Later, Dantès recognizes the value of relationships as the person whose life he saved introduces him to Parisian society, taking him into the circle of people he needs to meet to fulfill his goals.
When you accumulate one of these types of capital, it provides an advantage in gaining access to the other two. Of the three capitals, the easiest one to begin with is intellectual capital. Even if you’re far away from where you want to be, you can still immerse yourself in ideas.
You can start picking up ideas from books on philosophy, history, and biographies. You can also absorb ideas from observing concepts and thoughts around you and then put them into practice. For instance, the concept of Legocame from a carpenter who originally made children’s toys out of wood. In order to create Lego toys, he needed the base understanding of constructing toys and the knowledge behind what children wanted.
In early 20th century Paris, 27 rue de Fleurus was the coveted meeting place for budding artists and writers. It was the home address of novelist Gertrude Stein, who hosted Saturday evening meetings for artists such as Pablo Picasso, Ernest Hemingway, and F. Scott Fitzgerald. Anyone serious about improving their art knew that receiving mentorship and discussing their work was paramount to getting the support and help they needed.
For the artists who were getting their feet off the ground, meeting at the Stein Salon on Saturdays helped them receive feedback on their work and exchange ideas. As a result, not only did the attendees become influenced in their work, but they in turn went to influence the literature and art of the day.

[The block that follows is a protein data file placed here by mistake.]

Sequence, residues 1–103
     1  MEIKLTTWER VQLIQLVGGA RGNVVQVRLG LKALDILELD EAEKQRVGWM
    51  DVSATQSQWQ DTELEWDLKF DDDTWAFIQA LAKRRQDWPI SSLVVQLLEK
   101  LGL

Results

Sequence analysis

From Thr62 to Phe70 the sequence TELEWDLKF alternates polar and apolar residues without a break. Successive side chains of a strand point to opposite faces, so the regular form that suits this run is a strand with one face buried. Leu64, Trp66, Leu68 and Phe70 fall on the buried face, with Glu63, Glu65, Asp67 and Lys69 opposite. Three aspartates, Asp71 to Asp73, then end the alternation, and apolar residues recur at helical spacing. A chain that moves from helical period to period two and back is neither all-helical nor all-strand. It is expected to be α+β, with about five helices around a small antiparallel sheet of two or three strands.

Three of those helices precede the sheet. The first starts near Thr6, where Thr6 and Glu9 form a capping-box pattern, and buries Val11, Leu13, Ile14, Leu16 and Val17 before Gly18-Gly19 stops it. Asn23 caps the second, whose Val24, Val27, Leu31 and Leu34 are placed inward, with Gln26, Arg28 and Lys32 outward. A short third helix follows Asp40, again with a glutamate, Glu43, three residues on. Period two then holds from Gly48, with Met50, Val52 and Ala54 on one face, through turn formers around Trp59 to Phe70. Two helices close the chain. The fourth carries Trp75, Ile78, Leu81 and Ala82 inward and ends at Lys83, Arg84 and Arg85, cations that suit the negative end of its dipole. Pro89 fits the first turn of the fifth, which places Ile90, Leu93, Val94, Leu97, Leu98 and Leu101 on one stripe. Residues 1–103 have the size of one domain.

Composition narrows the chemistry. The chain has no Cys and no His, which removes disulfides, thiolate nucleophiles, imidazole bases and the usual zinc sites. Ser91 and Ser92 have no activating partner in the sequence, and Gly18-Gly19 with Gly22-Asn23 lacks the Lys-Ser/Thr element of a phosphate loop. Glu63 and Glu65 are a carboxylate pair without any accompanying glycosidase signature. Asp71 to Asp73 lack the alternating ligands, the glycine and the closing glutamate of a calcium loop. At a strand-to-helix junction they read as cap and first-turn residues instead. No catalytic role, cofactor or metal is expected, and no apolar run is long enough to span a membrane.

Belonging and contributing to a community is essential to strengthening ourselves through bonds to one another. Together, you can become aware of external threats, new opportunities, and experience growth. Similar to how wolves hunt in packs to take down larger animals, people join forces to tackle issues greater than themselves.
Time and again, people have relied on one another to accomplish tasks that would have been nearly impossible to achieve on their own. The Impressionists had their humble beginnings in a Parisian café, where they discussed their unique approach to art and made plans for an independent art exhibition. If they had approached their work independently, they probably wouldn’t have the support they needed and would have faded to obscurity.
Nowadays, you can find your group in numerous ways, whether it’s online, offline, in a local meeting place, or a large organization. In a community, you have the power to be influenced and to influence others.
Have you ever gone hiking and seen a stack of stones?
In all likelihood, they were probably made by fellow hikers for fun. But the primary purpose of a human-made pile of stones, otherwise known as a cairn, is to act as a trailblazer. When used properly, a cairn helps hikers to navigate along a path in the wilderness.
Whether you spend most of your time indoors or outdoors, you can apply the concept of trailblazing to improving your everyday habits. Let’s say that you want to dedicate time each week to your freelancing project.
While knowing what you want is one thing, the goal becomes more concrete when you set away an hour in your calendar. Blocking out time for the project serves as a physical reminder, or a trailblazer, of your commitment.
You can also physically place objects to act as behavioral trailblazers. If you work in a company office, you might be surrounded by junk food and unhealthy coworkers who rely on takeout meals. Bringing your own meals and putting healthy snacks at your desk makes it more convenient to choose healthy options over the fast food joint downstairs.
If you want to implement change, knowing what you want to do is not enough. Before you can move in the right direction, you need to set up trailblazers to mark the path.
Sometimes we’re stuck somewhere we don’t want to be. It might mean we’re in the wrong neighborhood, surrounded by the wrong peers, or in the wrong career.
Until you can move to a better environment, you can nurture your goals by getting closer to the right ideas, people, or objects. If you can change even one of these factors in your favor, you can start growing despite negative influences surrounding you. That way, when the time is right and opportunity strikes, you’ll be ready.
Want to do what you love? Then check out my guide How to Get Anything You Want.
Originally published at medium.com.